In 1966, with the Vietnam War at its height, a US Marine called Maurice J. Jacques, a sergeant in the elite Force Recon Battalion, was issued with a new watch – a Tornek-Rayville TR-900. This is the story of the watches and the men who wore them.
The old saw is that generals always prepare to fight the last war, but that was not the case with the US at the end of the Second World War, when it found itself the world’s sole nuclear power. So, rather than developing new tanks, ships and planes using the lessons learned during the recent conflict, all effort went into methods of delivering nuclear munitions. The army developed new howitzers capable of firing nuclear shells and even a nuclear backpack for commandos to smuggle behind enemy lines. The air force brought forth bombers designed to carry the bombs and equipped its defensive fighters with nuclear-tipped air-to-air missiles. The navy, desperate to find a role, equipped some of its submarines with an updated version of the German V1 “Buzz Bomb”, called the “Loon”, which it planned to furnish with a nuclear warhead.
As these moves were going on, conventional weapons were being disposed of, the air force scrapped almost 80 per cent of its planes, whilst the navy decommissioned around two-thirds of its aircraft carriers. While this was going on with material, even more drastic cuts were being made to the manpower of the US forces. It was believed that in the new nuclear wars of the future there would be little need for large armies of men to physically conquer ground, nor would there be much use for the small special forces units that had been born during the Second World War.
Those special forces included the Navy’s UDTs (Underwater Demolition Teams), who had been formed because, for the Allies, the Second World War was a war of invasion; from North Africa’s Operation Torch in 1942, to Sicily the following year and D-Day in 1944 – to say nothing of the dozens of Pacific islands that had to be retaken. The war was all about the Allies putting troops ashore on occupied territory, which was heavily defended and, most likely, mined. So there came a need for divers to reconnoiter the beaches before the landings, mark the obstacles, disarm the mines and test the ground to see if it would support the vehicles which would be disembarking onto it.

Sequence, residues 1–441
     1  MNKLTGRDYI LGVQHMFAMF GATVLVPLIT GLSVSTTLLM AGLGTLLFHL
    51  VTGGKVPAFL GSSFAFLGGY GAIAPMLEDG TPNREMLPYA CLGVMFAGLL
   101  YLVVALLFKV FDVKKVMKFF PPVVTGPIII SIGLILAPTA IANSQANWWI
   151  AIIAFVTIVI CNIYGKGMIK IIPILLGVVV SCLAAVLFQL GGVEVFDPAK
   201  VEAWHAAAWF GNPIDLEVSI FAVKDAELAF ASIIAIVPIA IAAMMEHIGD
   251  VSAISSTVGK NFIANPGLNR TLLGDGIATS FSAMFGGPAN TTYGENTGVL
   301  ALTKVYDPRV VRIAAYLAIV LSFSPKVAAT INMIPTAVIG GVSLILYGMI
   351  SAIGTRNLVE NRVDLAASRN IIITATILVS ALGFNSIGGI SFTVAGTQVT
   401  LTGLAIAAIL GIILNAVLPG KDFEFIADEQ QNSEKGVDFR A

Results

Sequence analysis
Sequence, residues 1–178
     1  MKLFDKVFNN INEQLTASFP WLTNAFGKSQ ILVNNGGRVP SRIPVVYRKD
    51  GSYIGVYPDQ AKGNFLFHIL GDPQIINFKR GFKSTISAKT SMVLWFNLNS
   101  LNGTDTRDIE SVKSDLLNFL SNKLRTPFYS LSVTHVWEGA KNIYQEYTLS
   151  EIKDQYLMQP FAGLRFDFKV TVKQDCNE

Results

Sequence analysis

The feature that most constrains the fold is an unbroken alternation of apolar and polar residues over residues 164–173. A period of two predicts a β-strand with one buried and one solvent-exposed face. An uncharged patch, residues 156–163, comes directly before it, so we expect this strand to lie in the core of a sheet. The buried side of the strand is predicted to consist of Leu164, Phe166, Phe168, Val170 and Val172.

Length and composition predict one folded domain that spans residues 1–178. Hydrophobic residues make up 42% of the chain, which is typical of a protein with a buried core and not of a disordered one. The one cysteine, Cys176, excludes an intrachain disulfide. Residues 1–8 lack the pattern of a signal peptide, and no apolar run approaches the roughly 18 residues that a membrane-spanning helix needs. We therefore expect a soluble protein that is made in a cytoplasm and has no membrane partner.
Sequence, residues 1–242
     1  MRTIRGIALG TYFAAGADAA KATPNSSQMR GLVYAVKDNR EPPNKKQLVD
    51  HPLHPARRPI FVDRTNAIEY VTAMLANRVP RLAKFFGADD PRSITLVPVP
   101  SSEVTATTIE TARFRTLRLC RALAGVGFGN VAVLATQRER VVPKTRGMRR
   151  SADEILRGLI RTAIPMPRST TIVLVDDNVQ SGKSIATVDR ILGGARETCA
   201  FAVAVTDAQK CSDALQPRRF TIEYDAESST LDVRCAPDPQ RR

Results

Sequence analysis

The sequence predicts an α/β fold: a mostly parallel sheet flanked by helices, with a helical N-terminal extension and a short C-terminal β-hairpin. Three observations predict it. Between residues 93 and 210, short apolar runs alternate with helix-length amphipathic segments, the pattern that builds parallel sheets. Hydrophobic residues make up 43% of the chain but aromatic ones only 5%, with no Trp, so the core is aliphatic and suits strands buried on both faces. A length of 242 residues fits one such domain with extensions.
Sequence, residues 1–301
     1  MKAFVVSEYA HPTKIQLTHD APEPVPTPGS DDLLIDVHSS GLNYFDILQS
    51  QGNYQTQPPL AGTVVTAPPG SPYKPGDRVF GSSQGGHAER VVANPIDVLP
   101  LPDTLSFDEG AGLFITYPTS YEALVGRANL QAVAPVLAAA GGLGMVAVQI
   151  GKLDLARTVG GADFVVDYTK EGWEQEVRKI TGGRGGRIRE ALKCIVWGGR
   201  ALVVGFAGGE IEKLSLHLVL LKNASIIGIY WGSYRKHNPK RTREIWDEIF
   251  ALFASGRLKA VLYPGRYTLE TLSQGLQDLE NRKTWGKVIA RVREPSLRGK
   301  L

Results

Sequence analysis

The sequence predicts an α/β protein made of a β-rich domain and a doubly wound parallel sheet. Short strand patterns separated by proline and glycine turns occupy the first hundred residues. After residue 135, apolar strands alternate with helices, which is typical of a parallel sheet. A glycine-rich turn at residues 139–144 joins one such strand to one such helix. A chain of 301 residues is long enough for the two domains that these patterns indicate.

The major problem was that the US Navy’s only divers were the old school “hard hat” kind, who wore heavy rubber diving suits, lead boots and brass helmets. They relied on hoses to provide air and they were normally employed by the navy in clearing barnacles from ships’ hulls and doing underwater repairs – almost always whilst ships were in dock. These divers were useless for beach clearance work, so a new cadre was formed. Instead of several hundred pounds of diving suit and weights, they wore nothing more than trunks, fins, a mask and a watch. The watch was vital as they would be dropped off at night by a submarine or canoe and would have to rendezvous for pick-up at a precise time.
No company in the world, at this time, other than Panerai, was making specialist diving watches, so the US Navy turned to their domestic watch manufacturers for help, and the result was the so-called “Canteen” watches; these were small sized watches, only 31mm in diameter and the winding/setting crown was protected by a screw-down cap fitted onto a protecting tube. This gave the watches their nickname, as this looked like the top of a water canteen. Most of the Second World War watches were made by Hamilton, using their 17 jewel 978 caliber, which was modified for the job by converting it to sweep seconds and the fitment of a hacking mechanism. The resulting calibre was renamed 987S. As late as the mid-1950s, the US Navy was still ordering these watches, and was issuing them to divers into the early-1960s.